Guest Post: Olivia Bohringer, Student of the World
Political parties, gender roles, majors in college, personality quizzes, cultural backgrounds, generational differences, religious identify, fashion choices: decisions we make as frequently as every day or as rarely as once in lifetime, each choice asks us to pick a side. Choose a loyalty. What do you stand for? What will you fall for?
Media professionals have an exceptional obligation to loyalties. On one hand, we go into the Deep Dark World of Media to advocate for the underdogs and to touch the most human part of our audiences. But we also sign up to be journalists, agency junkies, copywriters, producers, and communications people to bring in a paycheck. We sit in classes and learn how to work through ethical dilemmas and where to look for inspiration once we enter the real world, and we flip through textbooks and autobiographies looking for answers on how we’ll define our values. But the world of communications and media also asks us to define the values of our audiences and/or industries. A profound responsibility comes with the work in this field, being held accountable to our own set of personal ethics, to codes of action in our industries, and to our audiences.
Loyalty is often reduced to being told to pick a side. But what happens when there’s no clear line in the sand drawn? In a world of political correctness, it is often easy to proudly identify your allegiance to one side with one foot still firmly planted with the opposition. We can talk the talk, but the challenge comes with walking the walk. It’s easy to nod along when you’re in a crowd of many, but the challenge comes when the popular opinion does correspond with your own.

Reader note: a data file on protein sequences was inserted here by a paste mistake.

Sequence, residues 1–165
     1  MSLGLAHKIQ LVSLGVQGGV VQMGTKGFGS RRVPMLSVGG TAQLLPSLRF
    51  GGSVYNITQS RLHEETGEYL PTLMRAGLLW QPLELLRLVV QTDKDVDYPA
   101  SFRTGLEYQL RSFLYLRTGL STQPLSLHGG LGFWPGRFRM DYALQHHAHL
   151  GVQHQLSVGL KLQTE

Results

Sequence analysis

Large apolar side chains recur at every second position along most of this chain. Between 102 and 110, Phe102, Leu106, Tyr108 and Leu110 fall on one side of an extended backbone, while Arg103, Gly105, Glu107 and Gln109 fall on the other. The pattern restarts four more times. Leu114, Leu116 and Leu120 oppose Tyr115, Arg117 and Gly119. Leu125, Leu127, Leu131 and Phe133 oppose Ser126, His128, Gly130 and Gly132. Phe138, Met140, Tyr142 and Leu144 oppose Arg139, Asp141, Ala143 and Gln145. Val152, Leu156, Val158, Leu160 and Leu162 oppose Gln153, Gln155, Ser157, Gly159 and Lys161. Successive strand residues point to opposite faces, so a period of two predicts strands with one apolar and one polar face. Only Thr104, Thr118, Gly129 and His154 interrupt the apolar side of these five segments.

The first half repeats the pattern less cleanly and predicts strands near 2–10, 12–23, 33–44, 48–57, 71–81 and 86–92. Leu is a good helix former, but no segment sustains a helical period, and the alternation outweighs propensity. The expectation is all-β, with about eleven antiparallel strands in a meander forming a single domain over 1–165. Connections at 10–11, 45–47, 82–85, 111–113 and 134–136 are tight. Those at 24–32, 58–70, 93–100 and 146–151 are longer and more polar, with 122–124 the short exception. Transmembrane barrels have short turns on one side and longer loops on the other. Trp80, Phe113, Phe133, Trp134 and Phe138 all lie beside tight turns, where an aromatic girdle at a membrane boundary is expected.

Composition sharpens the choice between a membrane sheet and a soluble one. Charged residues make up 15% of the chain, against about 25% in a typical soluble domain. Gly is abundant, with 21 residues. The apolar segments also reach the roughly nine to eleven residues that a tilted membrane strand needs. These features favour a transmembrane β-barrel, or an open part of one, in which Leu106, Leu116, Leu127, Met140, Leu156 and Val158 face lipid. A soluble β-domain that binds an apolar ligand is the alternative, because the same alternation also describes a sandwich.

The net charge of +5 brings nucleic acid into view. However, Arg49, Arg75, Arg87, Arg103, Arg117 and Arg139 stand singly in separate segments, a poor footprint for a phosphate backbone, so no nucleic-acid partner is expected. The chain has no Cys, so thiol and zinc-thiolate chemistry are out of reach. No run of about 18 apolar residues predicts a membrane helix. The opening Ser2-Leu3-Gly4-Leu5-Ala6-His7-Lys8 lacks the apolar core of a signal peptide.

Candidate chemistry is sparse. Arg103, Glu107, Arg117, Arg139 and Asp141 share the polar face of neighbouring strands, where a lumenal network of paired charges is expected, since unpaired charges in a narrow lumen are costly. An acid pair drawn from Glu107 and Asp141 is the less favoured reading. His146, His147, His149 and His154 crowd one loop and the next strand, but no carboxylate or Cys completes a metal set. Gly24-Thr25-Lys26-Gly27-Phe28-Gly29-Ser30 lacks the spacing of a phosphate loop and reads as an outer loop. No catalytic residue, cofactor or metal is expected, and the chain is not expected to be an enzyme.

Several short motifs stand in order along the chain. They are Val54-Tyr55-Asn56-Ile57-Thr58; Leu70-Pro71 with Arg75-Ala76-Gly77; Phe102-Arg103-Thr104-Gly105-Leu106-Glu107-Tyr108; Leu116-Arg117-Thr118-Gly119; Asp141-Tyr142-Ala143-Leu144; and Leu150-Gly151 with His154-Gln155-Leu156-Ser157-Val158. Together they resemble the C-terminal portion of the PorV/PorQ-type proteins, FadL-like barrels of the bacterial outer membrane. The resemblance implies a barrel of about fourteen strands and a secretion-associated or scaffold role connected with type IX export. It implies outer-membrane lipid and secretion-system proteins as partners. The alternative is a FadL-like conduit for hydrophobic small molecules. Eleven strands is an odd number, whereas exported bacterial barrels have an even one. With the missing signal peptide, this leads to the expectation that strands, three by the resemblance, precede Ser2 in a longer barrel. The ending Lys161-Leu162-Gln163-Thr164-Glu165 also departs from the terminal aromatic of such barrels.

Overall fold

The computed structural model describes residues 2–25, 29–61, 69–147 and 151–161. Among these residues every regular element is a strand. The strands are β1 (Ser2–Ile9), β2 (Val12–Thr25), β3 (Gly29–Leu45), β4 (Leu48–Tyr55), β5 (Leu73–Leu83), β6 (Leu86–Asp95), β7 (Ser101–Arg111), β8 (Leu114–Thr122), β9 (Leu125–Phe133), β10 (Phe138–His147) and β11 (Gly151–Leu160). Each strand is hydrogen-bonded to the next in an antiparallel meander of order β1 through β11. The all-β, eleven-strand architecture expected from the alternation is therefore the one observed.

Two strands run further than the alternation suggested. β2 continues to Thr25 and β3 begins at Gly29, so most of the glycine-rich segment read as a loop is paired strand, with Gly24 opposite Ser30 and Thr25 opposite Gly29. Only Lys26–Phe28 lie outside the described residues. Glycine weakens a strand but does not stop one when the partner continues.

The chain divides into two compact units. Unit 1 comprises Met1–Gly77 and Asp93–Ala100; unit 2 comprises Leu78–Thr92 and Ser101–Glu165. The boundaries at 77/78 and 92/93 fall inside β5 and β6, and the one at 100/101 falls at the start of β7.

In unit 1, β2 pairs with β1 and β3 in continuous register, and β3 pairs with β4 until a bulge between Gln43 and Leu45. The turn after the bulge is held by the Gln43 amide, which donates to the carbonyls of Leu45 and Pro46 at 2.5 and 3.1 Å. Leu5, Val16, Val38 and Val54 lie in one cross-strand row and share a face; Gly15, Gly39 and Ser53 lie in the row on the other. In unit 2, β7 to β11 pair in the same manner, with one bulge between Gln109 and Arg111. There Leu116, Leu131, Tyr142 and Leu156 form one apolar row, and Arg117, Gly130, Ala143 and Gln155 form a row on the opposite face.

To ask the average student or professional to define his or her loyalties will not necessarily outline clear moral codes. It’s not easy to think about the values you’re devoted to nor the ones that you outright condemn. Perhaps it’s easy to frame loyalties as motivations; what is it that drives you? What gets you up in the morning? What do you find rewarding, and just as importantly, what is discouraging to you? Loyalty has a variety of definitions, but to identify your own, think about the decisions that you are most proud of. Think also about decisions you’ve regretted; sometimes a loyalty can’t be defined until it’s been betrayed.
Ever-shifting and ever-challenging, loyalty shapes every action we take, both personally and professionally. To understand one’s own loyalties is to understand your deepest ethos, your motivations, your most personal drivers. Loyalties reflect our upbringings and our innate values, and they grow to reflect our changing experiences; we can look at our priorities and our passions to find what drives us and calls us to action. The challenge lies in deciding which of these loyalties speak loudest, and if they speak loud enough to pick a side.